Just as an example, the troubled Olkiluoto 3 nuclear reactor which would have significantly helped alleviate the problems of the energy crisis during the ongoing winter in Finland, is already 13 years behind schedule and severely over budget.

Therefore, it’s really simple: it has never been more important for companies and managers to understand the problems of bad time management in megaprojects, what leads to these problems and how to combat them – or even avoid them completely.

At LogiNets, we believe essential time management for all capital projects is vital. Time management analysis may still be somewhat scarce and processes need improvement. But there are innumerable benefits for those willing to utilize the correct tools, which is something we strive to develop at LogiNets.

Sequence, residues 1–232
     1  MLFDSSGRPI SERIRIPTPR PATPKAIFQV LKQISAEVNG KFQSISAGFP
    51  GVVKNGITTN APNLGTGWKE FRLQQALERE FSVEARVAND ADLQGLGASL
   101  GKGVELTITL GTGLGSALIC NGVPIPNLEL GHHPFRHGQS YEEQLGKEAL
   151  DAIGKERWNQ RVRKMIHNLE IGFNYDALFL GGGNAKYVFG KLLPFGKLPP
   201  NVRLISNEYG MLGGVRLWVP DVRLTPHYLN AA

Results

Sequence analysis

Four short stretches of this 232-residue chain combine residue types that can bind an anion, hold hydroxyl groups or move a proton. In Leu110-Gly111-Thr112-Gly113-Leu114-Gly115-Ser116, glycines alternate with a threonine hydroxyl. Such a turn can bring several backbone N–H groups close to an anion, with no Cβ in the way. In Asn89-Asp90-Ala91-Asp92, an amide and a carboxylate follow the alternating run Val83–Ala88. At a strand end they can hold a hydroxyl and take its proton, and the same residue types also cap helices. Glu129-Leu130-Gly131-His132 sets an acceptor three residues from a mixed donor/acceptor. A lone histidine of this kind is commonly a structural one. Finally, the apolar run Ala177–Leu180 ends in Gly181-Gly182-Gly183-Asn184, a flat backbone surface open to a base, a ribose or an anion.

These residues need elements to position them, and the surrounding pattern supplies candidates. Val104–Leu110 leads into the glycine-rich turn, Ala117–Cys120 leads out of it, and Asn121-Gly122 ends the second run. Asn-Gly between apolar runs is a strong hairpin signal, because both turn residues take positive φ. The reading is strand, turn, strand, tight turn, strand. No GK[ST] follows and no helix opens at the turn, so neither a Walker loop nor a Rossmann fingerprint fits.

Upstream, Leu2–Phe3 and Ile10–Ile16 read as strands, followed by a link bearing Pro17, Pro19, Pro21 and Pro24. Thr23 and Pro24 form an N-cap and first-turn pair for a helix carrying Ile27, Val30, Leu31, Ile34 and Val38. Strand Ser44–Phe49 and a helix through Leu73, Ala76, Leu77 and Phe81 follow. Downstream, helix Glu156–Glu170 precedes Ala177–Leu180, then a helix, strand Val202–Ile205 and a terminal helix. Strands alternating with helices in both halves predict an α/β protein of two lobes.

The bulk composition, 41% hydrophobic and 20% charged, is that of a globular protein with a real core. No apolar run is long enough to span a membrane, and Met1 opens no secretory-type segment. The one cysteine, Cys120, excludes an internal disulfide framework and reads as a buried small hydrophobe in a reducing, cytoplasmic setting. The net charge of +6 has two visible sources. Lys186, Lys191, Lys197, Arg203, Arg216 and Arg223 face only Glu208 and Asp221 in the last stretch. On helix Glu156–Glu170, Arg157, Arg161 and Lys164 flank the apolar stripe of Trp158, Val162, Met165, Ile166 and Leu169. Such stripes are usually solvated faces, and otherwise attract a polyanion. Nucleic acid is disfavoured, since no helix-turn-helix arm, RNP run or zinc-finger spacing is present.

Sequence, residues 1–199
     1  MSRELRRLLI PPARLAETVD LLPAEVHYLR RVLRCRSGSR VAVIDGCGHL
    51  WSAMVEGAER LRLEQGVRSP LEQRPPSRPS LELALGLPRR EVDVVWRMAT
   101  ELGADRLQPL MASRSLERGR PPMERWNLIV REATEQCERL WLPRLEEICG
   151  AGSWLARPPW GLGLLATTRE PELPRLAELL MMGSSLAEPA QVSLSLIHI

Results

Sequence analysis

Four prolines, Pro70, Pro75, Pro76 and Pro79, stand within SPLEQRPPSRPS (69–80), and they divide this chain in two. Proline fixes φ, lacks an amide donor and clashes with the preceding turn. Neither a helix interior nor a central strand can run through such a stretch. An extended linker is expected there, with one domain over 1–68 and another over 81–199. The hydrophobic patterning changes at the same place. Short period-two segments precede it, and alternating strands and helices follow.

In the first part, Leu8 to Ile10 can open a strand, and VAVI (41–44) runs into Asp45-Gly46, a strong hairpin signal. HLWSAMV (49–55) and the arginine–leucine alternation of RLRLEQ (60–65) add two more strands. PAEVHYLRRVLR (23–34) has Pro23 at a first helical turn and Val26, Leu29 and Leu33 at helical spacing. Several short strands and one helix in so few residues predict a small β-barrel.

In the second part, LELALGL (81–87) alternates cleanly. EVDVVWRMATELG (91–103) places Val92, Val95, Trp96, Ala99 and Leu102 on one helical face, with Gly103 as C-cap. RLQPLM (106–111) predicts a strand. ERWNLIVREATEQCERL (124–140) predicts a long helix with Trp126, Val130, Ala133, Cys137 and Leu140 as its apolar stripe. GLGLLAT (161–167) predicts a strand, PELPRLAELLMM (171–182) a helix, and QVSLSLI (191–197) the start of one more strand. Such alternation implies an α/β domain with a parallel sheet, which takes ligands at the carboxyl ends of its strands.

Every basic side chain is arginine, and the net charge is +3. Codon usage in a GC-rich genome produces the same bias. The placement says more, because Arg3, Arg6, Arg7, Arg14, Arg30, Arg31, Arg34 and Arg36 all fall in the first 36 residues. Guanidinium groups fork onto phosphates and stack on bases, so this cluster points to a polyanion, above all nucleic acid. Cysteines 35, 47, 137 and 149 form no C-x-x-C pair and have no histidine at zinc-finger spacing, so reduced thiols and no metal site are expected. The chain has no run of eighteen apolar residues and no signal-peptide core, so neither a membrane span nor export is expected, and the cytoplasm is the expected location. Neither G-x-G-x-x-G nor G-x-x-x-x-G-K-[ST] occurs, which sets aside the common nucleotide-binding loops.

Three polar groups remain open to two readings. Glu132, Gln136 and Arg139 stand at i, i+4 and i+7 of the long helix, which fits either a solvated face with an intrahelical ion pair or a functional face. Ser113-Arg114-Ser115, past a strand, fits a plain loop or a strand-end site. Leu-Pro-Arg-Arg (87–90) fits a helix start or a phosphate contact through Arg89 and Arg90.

What LogiNets Offers

At LogiNets, we provide material management platforms through which you can easily track materials and shipments across your entire supply chain. Our software is designed with ease-of-use in mind and can be used by all participants in the project network; covering everything from planning to final installation. Be it suppliers, forwarders or managers who utilize the platform, it will give them complete visibility of the material deliveries throughout all the project’s different stages. The system can also be deployed for customers’ projects within 5 working days.

We would love to help with your material handling questions; if you’d like to know more about our software, please don’t hesitate to contact us or book a demo at the link below.